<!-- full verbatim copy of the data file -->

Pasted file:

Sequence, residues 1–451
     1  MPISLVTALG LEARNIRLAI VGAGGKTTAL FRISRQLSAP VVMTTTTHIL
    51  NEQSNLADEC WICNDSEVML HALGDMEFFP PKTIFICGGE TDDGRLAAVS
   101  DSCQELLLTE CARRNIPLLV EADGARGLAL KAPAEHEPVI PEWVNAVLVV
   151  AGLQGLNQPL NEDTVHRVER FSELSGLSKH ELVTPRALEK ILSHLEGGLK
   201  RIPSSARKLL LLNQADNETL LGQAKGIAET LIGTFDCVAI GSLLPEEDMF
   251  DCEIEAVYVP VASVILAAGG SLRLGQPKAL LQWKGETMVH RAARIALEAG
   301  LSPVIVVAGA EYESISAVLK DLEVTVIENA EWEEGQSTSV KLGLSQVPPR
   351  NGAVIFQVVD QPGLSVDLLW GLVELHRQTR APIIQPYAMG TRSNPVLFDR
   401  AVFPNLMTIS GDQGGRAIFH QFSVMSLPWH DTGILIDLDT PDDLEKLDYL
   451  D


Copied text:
Sequence, residues 1–451
     1  MPISLVTALG LEARNIRLAI VGAGGKTTAL FRISRQLSAP VVMTTTTHIL
    51  NEQSNLADEC WICNDSEVML HALGDMEFFP PKTIFICGGE TDDGRLAAVS
   101  DSCQELLLTE CARRNIPLLV EADGARGLAL KAPAEHEPVI PEWVNAVLVV
   151  AGLQGLNQPL NEDTVHRVER FSELSGLSKH ELVTPRALEK ILSHLEGGLK
   201  RIPSSARKLL LLNQADNETL LGQAKGIAET LIGTFDCVAI GSLLPEEDMF
   251  DCEIEAVYVP VASVILAAGG SLRLGQPKAL LQWKGETMVH RAARIALEAG
   301  LSPVIVVAGA EYESISAVLK DLEVTVIENA EWEEGQSTSV KLGLSQVPPR
   351  NGAVIFQVVD QPGLSVDLLW GLVELHRQTR APIIQPYAMG TRSNPVLFDR
   401  AVFPNLMTIS GDQGGRAIFH QFSVMSLPWH DTGILIDLDT PDDLEKLDYL
   451  D